Nick Bonnie 'drug death' at Warehouse nightclub 'a stupid mistake'

Nick Bonnie and partner Leah Wilkins Nick Bonnie's mistake changed his family's lives forever, they said

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The parents of a man who died after collapsing in a nightclub have said "one stupid mistake" cost his life.

Nick Bonnie, 30, of Stroud, Gloucestershire, collapsed at The Warehouse Project in Greater Manchester early on Saturday.

Police are investigating whether a "bad batch of drugs", thought to be ecstasy, caused his death and left five other people needing hospital treatment.

His family said they want his death to send a message on the dangers of drugs.

Mr Bonnie, who lived in Bristol, worked for the Princes Trust and his mother works for Stroud drug support charity The Nelson's Trust.

'Devastated lives'

In a statement his parents Pauline and Andy said: "Nick Bonnie lost his life tragically, senselessly and needlessly in a nightclub in Manchester on a 'lads' weekend. This has devastated the lives of [his family and friends].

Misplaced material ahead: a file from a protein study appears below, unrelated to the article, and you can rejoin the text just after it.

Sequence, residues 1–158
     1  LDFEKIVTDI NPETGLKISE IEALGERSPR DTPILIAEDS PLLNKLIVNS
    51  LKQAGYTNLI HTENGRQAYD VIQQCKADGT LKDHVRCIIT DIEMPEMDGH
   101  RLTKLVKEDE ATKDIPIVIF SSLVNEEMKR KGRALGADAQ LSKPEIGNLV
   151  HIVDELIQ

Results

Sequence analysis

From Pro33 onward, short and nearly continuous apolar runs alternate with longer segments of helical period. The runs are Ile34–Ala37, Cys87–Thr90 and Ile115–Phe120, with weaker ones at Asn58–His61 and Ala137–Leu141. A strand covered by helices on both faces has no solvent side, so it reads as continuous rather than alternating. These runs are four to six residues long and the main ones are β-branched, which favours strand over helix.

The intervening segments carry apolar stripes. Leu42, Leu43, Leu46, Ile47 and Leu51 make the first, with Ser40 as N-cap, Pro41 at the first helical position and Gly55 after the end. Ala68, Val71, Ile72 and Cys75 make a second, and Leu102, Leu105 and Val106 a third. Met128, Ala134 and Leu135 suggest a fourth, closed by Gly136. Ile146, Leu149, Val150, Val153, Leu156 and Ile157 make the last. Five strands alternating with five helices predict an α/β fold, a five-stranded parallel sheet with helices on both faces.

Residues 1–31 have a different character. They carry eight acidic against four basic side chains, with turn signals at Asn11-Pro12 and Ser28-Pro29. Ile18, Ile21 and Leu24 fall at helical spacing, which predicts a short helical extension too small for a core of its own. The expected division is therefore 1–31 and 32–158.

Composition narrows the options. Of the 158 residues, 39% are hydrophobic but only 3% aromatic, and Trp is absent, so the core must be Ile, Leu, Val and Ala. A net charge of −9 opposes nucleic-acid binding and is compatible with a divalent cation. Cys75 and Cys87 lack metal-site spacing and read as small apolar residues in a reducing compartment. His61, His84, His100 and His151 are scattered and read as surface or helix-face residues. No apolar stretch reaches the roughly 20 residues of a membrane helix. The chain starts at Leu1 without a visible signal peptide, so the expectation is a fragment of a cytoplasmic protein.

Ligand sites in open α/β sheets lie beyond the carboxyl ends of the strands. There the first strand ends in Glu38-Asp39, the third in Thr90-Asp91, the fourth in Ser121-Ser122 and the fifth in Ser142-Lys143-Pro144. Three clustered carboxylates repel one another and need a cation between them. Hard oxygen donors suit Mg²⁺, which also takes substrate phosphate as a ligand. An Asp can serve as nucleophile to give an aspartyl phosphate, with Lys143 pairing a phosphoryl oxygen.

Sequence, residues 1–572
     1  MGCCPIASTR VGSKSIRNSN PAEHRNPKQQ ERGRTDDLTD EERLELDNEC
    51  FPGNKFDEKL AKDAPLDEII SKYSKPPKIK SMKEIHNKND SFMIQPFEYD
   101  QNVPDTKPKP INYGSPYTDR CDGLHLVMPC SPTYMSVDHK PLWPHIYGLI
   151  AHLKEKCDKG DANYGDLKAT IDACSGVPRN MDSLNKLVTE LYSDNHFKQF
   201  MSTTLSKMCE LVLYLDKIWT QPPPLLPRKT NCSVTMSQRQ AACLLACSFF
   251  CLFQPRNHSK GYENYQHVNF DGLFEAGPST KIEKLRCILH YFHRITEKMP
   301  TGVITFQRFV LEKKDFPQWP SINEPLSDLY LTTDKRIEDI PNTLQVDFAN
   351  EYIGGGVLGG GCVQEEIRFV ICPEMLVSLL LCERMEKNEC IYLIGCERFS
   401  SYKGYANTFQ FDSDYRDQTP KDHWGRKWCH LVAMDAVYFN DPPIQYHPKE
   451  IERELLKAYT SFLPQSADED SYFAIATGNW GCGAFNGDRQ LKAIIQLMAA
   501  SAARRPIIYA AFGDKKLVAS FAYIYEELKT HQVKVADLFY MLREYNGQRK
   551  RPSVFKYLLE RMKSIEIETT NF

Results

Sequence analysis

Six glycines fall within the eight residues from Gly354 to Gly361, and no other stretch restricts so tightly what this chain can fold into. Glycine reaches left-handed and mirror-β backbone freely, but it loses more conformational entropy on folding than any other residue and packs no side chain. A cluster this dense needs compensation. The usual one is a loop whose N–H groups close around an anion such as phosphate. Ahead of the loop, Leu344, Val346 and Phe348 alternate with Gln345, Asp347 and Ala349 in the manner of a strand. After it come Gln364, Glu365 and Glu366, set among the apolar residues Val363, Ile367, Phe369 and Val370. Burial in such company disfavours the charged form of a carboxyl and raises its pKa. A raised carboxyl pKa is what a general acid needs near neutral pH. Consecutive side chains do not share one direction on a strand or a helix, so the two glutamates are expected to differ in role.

"Everyone who knew Nick was aware he loved life, lived it to the max and in making one stupid mistake he has cost himself his life.

"We hope that after reading this, we may have gone some way in helping anyone/everyone in the realisation that drinking and use of any illicit drugs are a killer with consequences that will devastate lives for ever."

A 25-year-old man remains critically ill after it is thought he swallowed "a quantity of drugs" at the same nightclub in Trafford the night after Mr Bonnie's death.

He had been arrested by police on Saturday evening after security staff suspected him of dealing drugs.

Police confirmed a number of other people received treatment on Saturday night after taking drugs at the venue, from both on-site medics and in local hospitals.

In a statement released at the weekend, the Warehouse Project said the venue "operates a zero tolerance policy with regards to drugs however if you have taken something and start to feel unwell please tell a member of staff".

Police warned revellers not to "risk their lives by taking drugs supplied by people who have no regard whatsoever for their wellbeing".

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